From: Sir Humphrey Appleby
To: Bernard Woolley
I understand your anxiety about the new government’s fixation on what they are pleased to call ‘transparency’, but you are distressing yourself unnecessarily. It afflicts all incoming administrations. It used to be called ‘open government’, and reflects the frustrations they felt when they were in opposition and could not find out what was going on, combined with an eagerness to discover and publicise the deception, distortions and disasters of their predecessors.
But it does not last beyond the first few months. As time passes they realise they have more to lose than to gain from public knowledge of what they are up to. Each month increases their tally of catastrophic misjudgements, pathetic deceptions, humiliating retreats and squalid compromises. They very soon come to understand that sound and effective government is only possible if people do not know what you are doing. The Freedom of Information Act was the greatest blow to firm and decisive administration since the execution of King Charles I. We are gradually but steadily pruning its worst excesses, but it takes time.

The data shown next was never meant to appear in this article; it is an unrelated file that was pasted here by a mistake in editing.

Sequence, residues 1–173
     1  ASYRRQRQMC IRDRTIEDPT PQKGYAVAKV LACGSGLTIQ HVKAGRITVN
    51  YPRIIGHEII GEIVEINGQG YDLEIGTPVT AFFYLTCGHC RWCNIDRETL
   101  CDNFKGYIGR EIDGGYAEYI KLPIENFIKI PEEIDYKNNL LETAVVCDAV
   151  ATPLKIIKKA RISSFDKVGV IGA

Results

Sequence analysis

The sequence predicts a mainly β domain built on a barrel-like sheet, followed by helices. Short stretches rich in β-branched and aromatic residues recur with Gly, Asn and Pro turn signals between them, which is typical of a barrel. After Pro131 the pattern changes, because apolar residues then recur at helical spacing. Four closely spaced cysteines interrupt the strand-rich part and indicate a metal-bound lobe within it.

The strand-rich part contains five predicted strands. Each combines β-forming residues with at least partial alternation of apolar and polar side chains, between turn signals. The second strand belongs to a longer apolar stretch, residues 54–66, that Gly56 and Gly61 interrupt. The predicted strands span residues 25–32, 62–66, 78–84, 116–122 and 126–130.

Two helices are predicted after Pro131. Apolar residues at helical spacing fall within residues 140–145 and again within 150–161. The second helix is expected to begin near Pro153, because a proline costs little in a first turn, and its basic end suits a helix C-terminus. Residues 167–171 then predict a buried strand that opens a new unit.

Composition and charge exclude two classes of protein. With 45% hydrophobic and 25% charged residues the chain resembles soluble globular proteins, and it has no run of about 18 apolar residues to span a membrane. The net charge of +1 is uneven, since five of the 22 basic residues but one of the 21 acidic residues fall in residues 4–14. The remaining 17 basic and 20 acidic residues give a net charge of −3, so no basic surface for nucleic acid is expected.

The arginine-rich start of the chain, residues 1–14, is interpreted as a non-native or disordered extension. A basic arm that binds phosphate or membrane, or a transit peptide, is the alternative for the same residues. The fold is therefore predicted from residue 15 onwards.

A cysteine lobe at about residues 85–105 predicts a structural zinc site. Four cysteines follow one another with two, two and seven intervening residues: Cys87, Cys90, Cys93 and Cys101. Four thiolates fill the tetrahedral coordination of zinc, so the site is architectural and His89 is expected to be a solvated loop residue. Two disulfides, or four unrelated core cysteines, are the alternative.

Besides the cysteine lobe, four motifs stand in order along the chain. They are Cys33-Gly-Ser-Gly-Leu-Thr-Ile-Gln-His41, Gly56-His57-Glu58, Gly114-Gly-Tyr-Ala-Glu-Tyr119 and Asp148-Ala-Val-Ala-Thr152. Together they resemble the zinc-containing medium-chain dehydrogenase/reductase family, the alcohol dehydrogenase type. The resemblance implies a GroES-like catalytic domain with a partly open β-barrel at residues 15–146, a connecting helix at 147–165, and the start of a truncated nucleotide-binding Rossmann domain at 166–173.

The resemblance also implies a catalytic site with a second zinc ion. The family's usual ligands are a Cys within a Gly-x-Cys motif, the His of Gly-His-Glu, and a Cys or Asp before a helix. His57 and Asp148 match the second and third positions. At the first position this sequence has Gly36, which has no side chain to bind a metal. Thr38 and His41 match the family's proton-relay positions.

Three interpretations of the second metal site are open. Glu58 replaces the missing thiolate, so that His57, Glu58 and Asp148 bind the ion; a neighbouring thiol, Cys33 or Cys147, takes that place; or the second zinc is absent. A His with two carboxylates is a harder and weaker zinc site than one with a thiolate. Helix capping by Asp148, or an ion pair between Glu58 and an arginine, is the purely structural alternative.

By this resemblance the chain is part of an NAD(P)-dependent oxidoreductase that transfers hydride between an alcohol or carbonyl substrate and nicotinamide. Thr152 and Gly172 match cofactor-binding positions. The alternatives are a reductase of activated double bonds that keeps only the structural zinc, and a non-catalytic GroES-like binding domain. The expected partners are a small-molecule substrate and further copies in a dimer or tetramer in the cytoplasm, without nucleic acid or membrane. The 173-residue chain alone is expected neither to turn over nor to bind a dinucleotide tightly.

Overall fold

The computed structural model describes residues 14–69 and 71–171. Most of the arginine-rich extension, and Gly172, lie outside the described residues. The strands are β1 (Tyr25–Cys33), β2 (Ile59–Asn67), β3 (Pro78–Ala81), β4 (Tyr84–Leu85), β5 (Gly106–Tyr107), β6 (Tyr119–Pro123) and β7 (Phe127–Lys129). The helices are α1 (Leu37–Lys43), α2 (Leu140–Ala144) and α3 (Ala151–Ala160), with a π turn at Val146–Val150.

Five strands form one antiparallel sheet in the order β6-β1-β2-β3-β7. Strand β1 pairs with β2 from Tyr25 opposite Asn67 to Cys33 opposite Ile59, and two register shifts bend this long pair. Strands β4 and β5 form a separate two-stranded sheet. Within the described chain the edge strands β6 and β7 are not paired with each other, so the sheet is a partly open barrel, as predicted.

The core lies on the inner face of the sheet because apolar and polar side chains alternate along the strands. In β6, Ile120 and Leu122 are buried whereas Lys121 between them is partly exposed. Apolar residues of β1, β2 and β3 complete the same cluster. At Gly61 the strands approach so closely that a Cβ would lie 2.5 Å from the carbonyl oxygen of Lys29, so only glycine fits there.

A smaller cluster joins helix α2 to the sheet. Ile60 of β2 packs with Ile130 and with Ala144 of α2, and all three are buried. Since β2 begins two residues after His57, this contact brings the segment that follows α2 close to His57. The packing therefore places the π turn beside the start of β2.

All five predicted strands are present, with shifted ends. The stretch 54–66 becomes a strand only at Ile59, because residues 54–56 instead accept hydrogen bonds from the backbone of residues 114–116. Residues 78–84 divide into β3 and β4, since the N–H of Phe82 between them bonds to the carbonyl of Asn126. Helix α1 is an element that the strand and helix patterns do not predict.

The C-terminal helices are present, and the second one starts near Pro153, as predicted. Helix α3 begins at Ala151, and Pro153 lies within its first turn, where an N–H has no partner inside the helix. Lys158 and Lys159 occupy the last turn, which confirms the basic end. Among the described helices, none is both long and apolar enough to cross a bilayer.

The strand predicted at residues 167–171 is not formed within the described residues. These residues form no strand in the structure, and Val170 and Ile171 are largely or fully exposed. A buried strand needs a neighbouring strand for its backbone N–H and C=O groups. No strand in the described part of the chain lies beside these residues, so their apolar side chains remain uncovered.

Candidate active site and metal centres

Quite soon our new masters will realise that secrecy may be the enemy of democracy, but it is the foundation of government. Where would we be if Eisenhower has succumbed to calls for transparency about our plans for D-day? It is not a coincidence that ‘secretary’ originally meaning a humble clerk, the repository of secret information, has come to designate so many of the highest offices – Secretary General, Secretary of State, Home Secretary, Foreign Secretary and (if I may say so) Permanent Secretary. We should of course give the greatest possible encouragement to the idea of transparency, but in any particular case we will continue with our established practice of making public only that information which is already known or can easily be found out some other way.
(Sir Humphrey Appleby KCB CVO)
© Sir Antony Jay and Jonathan Lynn, 7 September 2010